Judging by the performance of the Quitman High School girls varsity basketball team at the Northwestern State University Team Camp held this past week the upcoming 2022-23 season has all the makings of another successful one.
Sporting a core rotation of five experienced seniors and a talented sophomore the Lady Wolverines flourished in team competition winning three of the four games played against schools from larger classifications.
Quitman opened team play at the NSU camp by beating Class 2A Many. That was followed up with victories over David Thibodeaux Academy out of Lafayette and Guyer High School out of Denton, TX. The lone loss came against Class A East Beauregard.
Playing without a senior on the roster last year, the Lady Wolverines finished the season with a 24-8 record and was the undefeated district 2B champion. This season Brayli Stewart, Ansley Folks, Emma Carter, Bethany Leach and Summer Grillette will represent one of the deepest senior classes in recent history. Also expected to be a major contributor is sophomore Cali Deal.
Disclaimer –The opinion and views expressed in all “|Letter to the Editor” submittals are solely the letter writers own and do not necessarily reflect the opinions, views or beliefs of the staff of the Jackson Parish Journal.
Submitted by Blanche Shows (Copy of original writing penned by an unknown author) June 27, 2022
Men, like nations, think they’re eternal. What man in his 20’s or 30’s doesn’t believe, at least subconsciously, that his lifespan is nearly indefinite? In the springtime of youth, an endless summer beckons. As you pass 70, it’s harder to hide from reality.
Nations also have seasons: Imagine a Roman of the 2nd century contemplating an empire that stretched from Britain to the Near East, thinking: ‘This will endure forever.’ Why not? Opponents of the time were irrelevant. But as it happened, forever turned out to be 400 years give or take.
France was a pivotal culture in Western Europe for over 1000 years. But now the land of Charles Martel is on its way to becoming part of the Muslim ummah. Worse, a majority of French indicate that they could care less.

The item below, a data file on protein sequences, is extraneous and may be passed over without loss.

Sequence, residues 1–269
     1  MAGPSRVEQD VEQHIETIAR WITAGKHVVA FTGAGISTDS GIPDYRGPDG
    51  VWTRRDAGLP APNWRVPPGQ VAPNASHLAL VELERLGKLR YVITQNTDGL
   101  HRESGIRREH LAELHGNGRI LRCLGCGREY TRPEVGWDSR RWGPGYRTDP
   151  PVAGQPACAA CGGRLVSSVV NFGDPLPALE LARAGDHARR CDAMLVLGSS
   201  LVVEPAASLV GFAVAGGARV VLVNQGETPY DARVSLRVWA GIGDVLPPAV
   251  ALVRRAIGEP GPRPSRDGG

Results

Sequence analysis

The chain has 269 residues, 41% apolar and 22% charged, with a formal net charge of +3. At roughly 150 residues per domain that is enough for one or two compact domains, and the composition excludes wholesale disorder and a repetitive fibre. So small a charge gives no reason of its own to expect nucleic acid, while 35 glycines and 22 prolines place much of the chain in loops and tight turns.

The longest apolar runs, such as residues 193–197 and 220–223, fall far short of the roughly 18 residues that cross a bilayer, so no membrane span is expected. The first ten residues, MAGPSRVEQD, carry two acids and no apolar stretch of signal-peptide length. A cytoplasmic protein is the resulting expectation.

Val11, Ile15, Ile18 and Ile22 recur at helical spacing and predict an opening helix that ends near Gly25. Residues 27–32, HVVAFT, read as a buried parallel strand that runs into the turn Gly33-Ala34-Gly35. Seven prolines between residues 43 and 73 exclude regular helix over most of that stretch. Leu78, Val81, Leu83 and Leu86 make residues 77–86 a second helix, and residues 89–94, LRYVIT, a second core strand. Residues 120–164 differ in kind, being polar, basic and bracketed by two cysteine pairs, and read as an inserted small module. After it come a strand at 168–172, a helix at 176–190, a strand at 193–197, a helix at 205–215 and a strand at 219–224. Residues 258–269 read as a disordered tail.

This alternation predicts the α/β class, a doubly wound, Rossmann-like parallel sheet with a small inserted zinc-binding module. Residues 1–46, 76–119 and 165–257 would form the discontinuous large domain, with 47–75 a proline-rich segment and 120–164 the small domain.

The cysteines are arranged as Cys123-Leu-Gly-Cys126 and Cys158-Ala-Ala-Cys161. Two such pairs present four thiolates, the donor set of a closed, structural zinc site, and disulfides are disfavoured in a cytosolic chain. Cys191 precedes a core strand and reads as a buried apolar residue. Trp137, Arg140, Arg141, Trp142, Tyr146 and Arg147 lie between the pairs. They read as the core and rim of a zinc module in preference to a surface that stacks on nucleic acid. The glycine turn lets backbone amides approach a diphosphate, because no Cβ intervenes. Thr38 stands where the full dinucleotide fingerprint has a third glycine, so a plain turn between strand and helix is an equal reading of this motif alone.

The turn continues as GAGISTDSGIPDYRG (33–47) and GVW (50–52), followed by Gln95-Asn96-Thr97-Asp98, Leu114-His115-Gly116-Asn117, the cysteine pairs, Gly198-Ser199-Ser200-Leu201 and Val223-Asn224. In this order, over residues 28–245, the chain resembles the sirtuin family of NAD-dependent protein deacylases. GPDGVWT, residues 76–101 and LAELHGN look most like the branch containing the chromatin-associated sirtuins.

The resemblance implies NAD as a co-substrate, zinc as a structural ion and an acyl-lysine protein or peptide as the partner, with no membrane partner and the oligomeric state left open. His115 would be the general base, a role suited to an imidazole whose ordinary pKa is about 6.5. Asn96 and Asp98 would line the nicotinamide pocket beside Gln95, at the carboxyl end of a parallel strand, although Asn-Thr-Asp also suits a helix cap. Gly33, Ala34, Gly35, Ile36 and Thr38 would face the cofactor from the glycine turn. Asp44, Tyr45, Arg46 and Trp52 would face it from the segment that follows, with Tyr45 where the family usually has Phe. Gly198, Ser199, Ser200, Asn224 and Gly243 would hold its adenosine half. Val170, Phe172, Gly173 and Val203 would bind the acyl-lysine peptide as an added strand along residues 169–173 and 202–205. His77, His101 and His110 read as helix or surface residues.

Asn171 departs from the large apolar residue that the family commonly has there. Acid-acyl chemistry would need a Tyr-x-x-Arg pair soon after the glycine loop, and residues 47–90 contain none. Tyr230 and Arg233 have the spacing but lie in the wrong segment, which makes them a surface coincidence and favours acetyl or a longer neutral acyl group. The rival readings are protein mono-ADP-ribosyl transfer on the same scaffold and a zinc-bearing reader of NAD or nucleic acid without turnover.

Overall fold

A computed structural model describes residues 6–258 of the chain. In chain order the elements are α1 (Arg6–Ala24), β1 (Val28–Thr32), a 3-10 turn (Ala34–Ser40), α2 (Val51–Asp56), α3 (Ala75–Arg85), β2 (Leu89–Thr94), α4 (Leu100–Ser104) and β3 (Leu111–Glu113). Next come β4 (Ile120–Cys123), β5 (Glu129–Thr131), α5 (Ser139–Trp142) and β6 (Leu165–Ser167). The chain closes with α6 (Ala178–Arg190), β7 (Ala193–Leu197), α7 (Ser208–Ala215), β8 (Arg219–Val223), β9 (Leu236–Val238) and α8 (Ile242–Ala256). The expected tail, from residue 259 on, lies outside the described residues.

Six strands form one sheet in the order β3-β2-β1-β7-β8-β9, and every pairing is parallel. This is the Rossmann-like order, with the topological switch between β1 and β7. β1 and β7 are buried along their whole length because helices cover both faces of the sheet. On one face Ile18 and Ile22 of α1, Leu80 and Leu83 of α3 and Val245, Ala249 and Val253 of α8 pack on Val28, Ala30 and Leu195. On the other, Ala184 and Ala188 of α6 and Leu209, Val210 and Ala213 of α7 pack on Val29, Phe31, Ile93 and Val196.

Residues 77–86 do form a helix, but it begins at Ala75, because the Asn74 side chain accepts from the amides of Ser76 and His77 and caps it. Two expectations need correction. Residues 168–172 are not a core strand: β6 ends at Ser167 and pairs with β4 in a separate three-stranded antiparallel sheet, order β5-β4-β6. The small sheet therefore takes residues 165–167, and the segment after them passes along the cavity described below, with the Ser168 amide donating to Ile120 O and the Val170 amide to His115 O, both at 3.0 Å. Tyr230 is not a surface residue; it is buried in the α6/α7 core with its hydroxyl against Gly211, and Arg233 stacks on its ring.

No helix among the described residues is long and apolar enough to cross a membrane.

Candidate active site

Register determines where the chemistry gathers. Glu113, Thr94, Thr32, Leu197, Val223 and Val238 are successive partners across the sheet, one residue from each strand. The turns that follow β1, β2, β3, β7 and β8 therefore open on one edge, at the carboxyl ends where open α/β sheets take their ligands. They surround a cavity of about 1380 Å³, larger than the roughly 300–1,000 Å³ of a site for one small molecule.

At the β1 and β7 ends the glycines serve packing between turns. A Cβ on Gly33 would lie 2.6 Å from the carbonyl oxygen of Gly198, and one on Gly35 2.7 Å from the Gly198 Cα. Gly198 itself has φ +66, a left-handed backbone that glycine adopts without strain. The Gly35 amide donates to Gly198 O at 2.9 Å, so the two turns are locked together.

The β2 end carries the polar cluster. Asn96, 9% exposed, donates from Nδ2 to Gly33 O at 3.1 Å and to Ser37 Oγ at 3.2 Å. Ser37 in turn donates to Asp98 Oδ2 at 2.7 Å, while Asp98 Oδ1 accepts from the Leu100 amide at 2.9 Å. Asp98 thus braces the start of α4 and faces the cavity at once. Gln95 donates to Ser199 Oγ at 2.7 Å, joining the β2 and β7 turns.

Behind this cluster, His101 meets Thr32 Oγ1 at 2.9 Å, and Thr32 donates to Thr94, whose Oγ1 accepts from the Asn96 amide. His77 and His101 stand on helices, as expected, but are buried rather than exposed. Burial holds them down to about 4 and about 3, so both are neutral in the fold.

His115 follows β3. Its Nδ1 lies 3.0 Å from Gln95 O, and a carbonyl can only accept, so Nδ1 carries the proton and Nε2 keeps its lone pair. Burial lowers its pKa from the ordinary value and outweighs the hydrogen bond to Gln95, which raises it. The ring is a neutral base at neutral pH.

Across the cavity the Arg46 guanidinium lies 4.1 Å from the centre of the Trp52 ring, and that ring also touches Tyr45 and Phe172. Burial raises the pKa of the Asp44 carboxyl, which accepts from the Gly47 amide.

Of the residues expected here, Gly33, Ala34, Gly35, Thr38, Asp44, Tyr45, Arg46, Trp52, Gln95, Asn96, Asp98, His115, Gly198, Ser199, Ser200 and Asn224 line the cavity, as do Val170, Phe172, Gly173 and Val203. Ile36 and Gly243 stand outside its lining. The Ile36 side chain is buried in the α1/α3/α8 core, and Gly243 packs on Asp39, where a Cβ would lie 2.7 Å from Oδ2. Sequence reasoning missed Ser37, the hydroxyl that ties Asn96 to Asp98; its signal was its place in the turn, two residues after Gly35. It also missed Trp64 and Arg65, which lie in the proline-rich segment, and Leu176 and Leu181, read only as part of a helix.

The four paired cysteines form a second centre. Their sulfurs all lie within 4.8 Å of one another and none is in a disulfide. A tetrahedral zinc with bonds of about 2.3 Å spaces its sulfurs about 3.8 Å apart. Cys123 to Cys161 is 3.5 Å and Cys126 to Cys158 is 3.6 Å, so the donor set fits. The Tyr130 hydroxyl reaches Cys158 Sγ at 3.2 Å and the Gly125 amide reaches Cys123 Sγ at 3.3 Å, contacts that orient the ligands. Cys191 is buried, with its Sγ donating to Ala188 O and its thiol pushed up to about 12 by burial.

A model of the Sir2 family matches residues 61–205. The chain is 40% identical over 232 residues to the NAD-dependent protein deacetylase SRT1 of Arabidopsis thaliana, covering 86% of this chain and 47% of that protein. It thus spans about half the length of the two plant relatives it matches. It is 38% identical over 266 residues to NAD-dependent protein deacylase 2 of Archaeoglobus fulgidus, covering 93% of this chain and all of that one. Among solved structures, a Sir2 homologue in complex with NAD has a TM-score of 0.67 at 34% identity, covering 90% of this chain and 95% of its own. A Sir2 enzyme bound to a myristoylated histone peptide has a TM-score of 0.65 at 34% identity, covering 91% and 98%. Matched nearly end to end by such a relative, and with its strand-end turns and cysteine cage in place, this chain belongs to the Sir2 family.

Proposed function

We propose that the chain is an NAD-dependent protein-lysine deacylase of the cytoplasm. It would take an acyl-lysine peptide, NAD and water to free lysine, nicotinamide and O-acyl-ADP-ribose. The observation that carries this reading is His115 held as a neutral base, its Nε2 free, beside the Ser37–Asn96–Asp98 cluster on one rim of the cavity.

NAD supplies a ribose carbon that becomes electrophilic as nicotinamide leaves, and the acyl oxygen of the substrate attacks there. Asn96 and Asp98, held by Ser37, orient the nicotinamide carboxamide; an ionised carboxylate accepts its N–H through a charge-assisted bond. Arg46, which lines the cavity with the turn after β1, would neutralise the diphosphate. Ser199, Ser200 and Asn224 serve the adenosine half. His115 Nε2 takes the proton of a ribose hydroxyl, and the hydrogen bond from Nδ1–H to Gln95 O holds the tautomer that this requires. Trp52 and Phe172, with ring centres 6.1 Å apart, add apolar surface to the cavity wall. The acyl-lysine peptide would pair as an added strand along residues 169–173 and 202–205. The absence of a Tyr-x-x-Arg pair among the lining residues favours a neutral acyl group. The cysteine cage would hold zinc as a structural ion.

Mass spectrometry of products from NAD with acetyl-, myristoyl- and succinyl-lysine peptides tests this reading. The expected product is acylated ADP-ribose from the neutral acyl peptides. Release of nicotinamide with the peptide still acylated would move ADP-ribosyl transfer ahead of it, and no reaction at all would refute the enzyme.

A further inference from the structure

In the 18th, 19th, and early 20th Centuries, the sun never set on the British empire. Unfortunately, Albion now exists in a perpetual twilight. Its 95-year-old sovereign is a fitting symbol for a nation in terminal decline.
In the 1980’s, Japan seemed poised to buy the world. Business schools taught Japanese management techniques. Today, its birth rate is so low and its population aging so rapidly that an industry has sprung up to remove the remains of elderly Japanese who die alone. Japan has literally willed itself to become nonexistent.
America’s prestige and influence were never greater than in 1946. Thanks to the ‘Greatest Generation’, we won a World War fought throughout most of Europe, Asia and the Pacific. We reduced Nazi Germany to rubble and put the rising sun to bed. It set the stage for almost half a century of unprecedented prosperity. We stopped the spread of communism in Europe and Asia, and fought international terrorism. We rebuilt our enemies and lavished foreign aid on much of the world. We built skyscrapers and rockets to the moon. We conquered polio. We explored the mysteries of the Universe and the wonders of DNA, the blueprint of life. But where is the glory that once was Rome?
America has moved from a free economy to a mad race to socialism – which has worked so well NOWHERE in the history of the world.
We’ve gone from a republican government guided by a constitution to a regime of revolving elites. We have less freedom with each passing year. Like a signpost to the coming reign of terror, the cancel culture is everywhere. We’ve traded the American Revolution for a replica of the “Cultural Revolution.”
The shambling creature in the White House is nothing but an empty vessel filled by his handlers. At the G-7 Summit, his wife ‘Dr. Jill’ had to lead him around like a child. In 1961, when we were young and vigorous, our leader was too. Now a feeble nation is technically led by the oldest and most enfeebled man to ever serve in the presidency.
We refuse to defend our borders, our history or past greatness. We’ve even given up defending our streets; our cities have become anarchist playgrounds. We are a nation of dependents, mendicants, and misplaced charity. Thousands of homeless camp in the streets while illegal-alien criminals are put up in expensive hotels.
The president of the United States can’t even quote the beginning of the Declaration of Independence (‘You know — The Thing’)